I went to see the Netflix Luther movie and it's just too much for me

It's great to see Idris Elba back in the big coat, but Luther: The Fallen Sun is just too horrific

Luther: The Fallen Sun
(Image credit: Netflix)

As a lifelong fan of Idris Elba in Luther, the gritty and often very silly London-set cop drama, I was really excited by the prospect of the first Luther movie – so much so that I headed off to a faintly frightening cinema in an empty retail park that looked more like a set from The Last of Us so I could see the Netflix movie before it streams on March 10. 

To say I'm disappointed would be an understatement. I don't think Luther: The Fallen Sun could have jumped the shark any more if the antagonist had been a shark called Jumpy The Shark. All the key signifiers are here: the coat, the car, Luther's tendency to stand atop high buildings like a bristly-chinned Batman. But this isn't the big-screen Luther I so wanted to see.

Why Luther: The Fallen Sun fell short for me

For the first hour or so, Luther: The Fallen Sun is brilliant – and if you have one of the best TVs and best soundbars it'll really show off your home cinema kit. The soundtrack made me jump in my seat several times, and when I wasn't jumping out of it I was on the edge of it. With one glaring exception and a prison scene that borders on the Marvel Cinematic Universe rather than a gritty cop drama, the first two-thirds of the film are brilliantly tense and brilliantly thrilling.

That glaring exception comes right at the beginning, and I can't describe it without a mild spoiler – so if you don't want that, skip the next paragraph.

At the very start of the film, bad-wigged baddie Andy Serkis has a problem. He wants Luther in prison, but Luther is not in prison. So he makes a phone call asking someone to dig up all the dirt on the DCI. The film then cuts to various news programmes showing DCI Luther being sentenced to prison. And that's how we get from Luther the cop to Luther the disgraced cop, a status on which the whole film depends. It feels really lazy, like writer Neil Cross just couldn't be arsed with the details and wanted to get on with the gory stuff. Which he does, with increasingly diminishing returns.

Luther has always been gory and gothic: from the first season onwards we met all kinds of nasty killers who created increasingly bizarre and horrible crime scenes. So naturally you'd expect something suitably horrific in the movie, and it really delivers: there's a particularly audacious and unpleasant scene in London's Piccadilly Circus that'll haunt my nightmares for a long time.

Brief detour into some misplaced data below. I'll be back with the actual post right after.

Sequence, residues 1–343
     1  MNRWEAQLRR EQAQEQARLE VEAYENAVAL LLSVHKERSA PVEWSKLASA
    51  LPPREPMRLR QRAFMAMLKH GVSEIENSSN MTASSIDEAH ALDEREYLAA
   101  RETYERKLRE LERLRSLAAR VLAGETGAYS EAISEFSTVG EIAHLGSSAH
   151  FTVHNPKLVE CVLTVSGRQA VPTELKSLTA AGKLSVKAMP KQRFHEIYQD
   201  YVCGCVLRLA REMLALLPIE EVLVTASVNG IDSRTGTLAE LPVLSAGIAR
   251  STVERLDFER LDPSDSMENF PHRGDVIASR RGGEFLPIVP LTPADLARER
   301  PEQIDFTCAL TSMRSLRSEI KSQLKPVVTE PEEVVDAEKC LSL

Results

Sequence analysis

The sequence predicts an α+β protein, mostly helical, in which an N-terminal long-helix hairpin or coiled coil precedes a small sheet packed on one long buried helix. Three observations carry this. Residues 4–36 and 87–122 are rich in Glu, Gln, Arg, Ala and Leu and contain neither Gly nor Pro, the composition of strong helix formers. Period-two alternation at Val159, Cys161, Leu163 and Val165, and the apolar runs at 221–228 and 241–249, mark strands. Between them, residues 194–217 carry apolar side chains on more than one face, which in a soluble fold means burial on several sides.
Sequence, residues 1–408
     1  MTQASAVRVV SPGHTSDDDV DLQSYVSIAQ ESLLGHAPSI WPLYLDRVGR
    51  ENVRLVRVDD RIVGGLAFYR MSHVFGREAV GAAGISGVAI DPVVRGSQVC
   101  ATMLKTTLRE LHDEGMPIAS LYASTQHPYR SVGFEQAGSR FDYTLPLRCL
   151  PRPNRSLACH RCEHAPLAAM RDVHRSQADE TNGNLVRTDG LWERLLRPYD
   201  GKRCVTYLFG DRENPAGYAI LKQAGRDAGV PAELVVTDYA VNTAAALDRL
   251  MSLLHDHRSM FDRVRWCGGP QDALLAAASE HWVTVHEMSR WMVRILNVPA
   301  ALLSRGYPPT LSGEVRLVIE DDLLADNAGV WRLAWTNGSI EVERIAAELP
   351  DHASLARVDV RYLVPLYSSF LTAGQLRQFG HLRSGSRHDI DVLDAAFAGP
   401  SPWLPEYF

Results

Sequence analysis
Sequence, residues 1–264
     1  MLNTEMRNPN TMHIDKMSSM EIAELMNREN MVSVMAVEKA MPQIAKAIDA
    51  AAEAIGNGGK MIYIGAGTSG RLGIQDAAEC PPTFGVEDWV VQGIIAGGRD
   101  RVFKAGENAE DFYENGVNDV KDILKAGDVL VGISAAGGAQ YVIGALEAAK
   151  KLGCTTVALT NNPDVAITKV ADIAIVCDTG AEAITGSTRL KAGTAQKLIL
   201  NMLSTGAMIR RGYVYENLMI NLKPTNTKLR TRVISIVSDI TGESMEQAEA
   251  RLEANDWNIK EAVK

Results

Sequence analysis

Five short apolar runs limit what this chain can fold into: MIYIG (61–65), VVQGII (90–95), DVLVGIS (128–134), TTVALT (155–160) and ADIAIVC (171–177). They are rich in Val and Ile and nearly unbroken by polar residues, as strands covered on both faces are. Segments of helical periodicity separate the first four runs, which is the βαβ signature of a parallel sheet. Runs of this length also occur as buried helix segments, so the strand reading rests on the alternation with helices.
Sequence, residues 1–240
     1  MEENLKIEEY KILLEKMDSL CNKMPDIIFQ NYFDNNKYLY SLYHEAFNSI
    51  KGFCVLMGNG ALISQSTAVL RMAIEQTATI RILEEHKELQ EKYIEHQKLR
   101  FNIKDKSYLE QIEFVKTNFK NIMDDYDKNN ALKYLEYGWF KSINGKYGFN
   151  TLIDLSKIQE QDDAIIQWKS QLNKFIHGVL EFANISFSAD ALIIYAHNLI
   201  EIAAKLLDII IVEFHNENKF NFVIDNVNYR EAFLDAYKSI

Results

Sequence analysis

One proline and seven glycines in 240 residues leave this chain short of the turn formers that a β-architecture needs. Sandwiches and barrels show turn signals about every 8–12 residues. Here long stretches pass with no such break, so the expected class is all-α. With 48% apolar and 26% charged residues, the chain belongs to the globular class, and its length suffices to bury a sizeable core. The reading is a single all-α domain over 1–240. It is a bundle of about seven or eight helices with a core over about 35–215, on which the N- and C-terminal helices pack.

But then the film pushes it too far in a third act that really pushes up the horror and also breaks the golden rule of any series: don't take the characters on holiday.

Luther has London through him like the words on a stick of rock. Taking him out of London, as the third act does, is a terrible mistake: he's a creature of the city, of side streets and dingy dives. The third act takes him into Poundland James Bond territory: Andy Serkis' villain doesn't quite live in a hollowed-out volcano, but it's not far off.. It's at this point that the film completely detaches from reality and turns into a cold version of Saw, if Saw were even more horrible and utterly boring. 

I'm gutted, I really am. And I think what I'm most gutted about is that the film lacks what I loved so much about the TV show: charm. Luther on TV (which you can stream, and you should) made great use of Idris Elba's charisma, and the interpersonal stuff – such as Luther's odd and funny relationship with the murderous Alice (Ruth Wilson) – leavened the horror with humour and humanity. That feels really lacking here. As Luther might put it: it's not right.

Carrie Marshall

Writer, musician and broadcaster Carrie Marshall has been covering technology since 1998 and is particularly interested in how tech can help us live our best lives. Her CV is a who’s who of magazines, newspapers, websites and radio programmes ranging from T3, Techradar and MacFormat to the BBC, Sunday Post and People’s Friend. Carrie has written more than a dozen books, ghost-wrote two more and co-wrote seven more books and a Radio 2 documentary series. When she’s not scribbling, she’s the singer in Glaswegian rock band HAVR (havrmusic.com).